Linda Poole

NCAT Regenerative Grazing Specialist
Liza Gross's recent article in Civil Eats states that:

Scientists are only now starting to study how ever-more-common heat waves may disrupt the way bees and other pollinators interact with plants, with cascading negative impacts on crop production.
Excessive heat can interfere with photosynthesis and diminish the nutritional value of flowers, which in turn can impair the survival, development and reproductive success of pollinators that feed on them, including bees. It can also change the size of bees’ legs, wings and proboscis and even hinder their memory, all of which support efficient pollination.
Warmer than normal temperatures may send bees out to forage before flowers emerge, Walters said. “And they’re going to starve for some amount of time.”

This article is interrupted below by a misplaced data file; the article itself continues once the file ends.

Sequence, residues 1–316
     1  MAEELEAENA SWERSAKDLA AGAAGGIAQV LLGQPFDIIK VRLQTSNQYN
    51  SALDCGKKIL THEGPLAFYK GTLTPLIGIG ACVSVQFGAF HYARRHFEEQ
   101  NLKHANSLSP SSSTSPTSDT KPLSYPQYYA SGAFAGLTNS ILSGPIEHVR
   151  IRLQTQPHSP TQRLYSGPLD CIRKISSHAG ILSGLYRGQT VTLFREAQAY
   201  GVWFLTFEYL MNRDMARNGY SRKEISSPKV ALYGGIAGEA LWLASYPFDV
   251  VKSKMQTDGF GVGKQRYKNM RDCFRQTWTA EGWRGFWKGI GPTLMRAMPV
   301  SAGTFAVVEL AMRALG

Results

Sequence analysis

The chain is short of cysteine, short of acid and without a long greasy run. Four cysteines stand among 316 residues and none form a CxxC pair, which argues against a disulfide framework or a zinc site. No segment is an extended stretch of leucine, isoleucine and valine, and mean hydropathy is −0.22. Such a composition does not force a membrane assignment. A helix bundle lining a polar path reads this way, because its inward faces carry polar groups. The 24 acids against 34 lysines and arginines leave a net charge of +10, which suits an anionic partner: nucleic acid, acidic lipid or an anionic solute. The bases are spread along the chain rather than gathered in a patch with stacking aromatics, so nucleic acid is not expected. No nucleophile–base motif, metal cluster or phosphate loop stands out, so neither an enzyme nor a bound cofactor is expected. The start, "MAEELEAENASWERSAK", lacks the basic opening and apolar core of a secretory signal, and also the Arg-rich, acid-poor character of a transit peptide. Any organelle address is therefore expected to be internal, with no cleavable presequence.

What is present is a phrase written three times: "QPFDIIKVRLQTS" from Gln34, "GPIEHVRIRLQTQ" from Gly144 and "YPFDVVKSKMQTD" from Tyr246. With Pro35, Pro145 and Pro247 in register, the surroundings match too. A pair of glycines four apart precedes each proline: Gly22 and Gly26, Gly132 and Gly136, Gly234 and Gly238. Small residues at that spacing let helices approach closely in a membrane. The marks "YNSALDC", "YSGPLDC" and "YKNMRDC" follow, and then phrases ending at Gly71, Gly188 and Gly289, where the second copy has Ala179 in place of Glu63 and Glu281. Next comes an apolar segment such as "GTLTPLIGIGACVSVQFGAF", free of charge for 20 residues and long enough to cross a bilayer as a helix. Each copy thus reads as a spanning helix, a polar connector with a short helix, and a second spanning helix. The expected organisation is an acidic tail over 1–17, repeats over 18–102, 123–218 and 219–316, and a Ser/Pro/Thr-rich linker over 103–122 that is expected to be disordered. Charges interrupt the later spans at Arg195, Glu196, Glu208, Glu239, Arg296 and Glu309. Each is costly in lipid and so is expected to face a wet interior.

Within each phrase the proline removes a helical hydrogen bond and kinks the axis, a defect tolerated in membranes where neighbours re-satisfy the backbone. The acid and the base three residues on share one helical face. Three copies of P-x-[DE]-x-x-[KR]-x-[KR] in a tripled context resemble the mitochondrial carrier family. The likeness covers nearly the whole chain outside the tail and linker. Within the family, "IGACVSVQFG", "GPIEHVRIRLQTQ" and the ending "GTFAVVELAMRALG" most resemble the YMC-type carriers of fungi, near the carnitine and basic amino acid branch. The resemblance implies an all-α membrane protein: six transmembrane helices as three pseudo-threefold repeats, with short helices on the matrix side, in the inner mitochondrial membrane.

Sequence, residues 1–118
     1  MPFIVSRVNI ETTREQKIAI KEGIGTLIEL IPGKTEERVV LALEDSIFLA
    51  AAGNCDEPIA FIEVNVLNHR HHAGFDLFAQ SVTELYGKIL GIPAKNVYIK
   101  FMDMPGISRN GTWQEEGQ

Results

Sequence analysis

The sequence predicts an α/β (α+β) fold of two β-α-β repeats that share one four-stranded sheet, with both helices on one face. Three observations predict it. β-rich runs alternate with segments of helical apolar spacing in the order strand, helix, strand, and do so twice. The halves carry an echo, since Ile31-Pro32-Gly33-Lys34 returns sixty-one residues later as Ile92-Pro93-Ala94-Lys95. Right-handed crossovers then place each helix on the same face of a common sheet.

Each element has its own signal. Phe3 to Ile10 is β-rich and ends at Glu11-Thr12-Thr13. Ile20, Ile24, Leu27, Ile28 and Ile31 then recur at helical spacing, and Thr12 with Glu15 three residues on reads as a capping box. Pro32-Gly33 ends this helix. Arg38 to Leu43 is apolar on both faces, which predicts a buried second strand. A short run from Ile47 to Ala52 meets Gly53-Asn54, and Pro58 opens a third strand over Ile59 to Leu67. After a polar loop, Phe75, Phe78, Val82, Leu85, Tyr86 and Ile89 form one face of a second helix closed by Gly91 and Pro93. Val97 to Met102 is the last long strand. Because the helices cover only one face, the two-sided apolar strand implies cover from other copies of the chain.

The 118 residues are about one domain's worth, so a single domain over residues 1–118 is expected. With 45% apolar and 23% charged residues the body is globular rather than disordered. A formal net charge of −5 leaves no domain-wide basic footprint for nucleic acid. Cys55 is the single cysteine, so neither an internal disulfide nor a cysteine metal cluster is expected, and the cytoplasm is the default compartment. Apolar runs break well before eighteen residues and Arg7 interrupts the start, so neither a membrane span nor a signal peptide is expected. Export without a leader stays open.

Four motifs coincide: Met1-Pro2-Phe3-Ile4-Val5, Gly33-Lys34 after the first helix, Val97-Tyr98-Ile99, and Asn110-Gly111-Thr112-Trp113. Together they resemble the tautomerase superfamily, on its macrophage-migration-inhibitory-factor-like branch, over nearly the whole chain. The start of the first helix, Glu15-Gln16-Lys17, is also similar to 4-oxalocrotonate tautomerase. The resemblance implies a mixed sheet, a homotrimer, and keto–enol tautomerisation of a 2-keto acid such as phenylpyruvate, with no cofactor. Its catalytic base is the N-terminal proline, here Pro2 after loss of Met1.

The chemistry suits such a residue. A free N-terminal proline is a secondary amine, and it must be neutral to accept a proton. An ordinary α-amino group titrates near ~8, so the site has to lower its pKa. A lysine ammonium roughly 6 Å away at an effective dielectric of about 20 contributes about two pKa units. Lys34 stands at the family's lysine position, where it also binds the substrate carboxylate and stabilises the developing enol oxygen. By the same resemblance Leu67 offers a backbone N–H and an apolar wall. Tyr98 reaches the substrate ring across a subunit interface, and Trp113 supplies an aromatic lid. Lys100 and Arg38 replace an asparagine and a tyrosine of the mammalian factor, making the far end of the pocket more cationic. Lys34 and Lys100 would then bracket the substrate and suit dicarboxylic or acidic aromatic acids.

But as land managers we can help pollinators:
Growers should invest in “rescue resources” for bees, like wildflowers, clover and other native flowering plants, Walters said. That will help supplement their diet, minimize their nutritional stress and reduce the negative effects of climate change.

On the bright side, University of Nevada’s Forister said, there’s a lot of resilience built into natural ecosystems. “It’s surprising.”

He recalled working on restoration projects in California’s Central Valley and seeing nothing but monocultures of pesticide-treated tomatoes stretch toward the horizon.

“And if the farmers have allowed just one field edge to go back to some kind of feral vegetation, where there’s flowers, you look down, and there’s a bee,” Forister said. “They’re always waiting around the edges for us to give them a chance to come back. We just have to give them that chance.”

Read the full article here.
 

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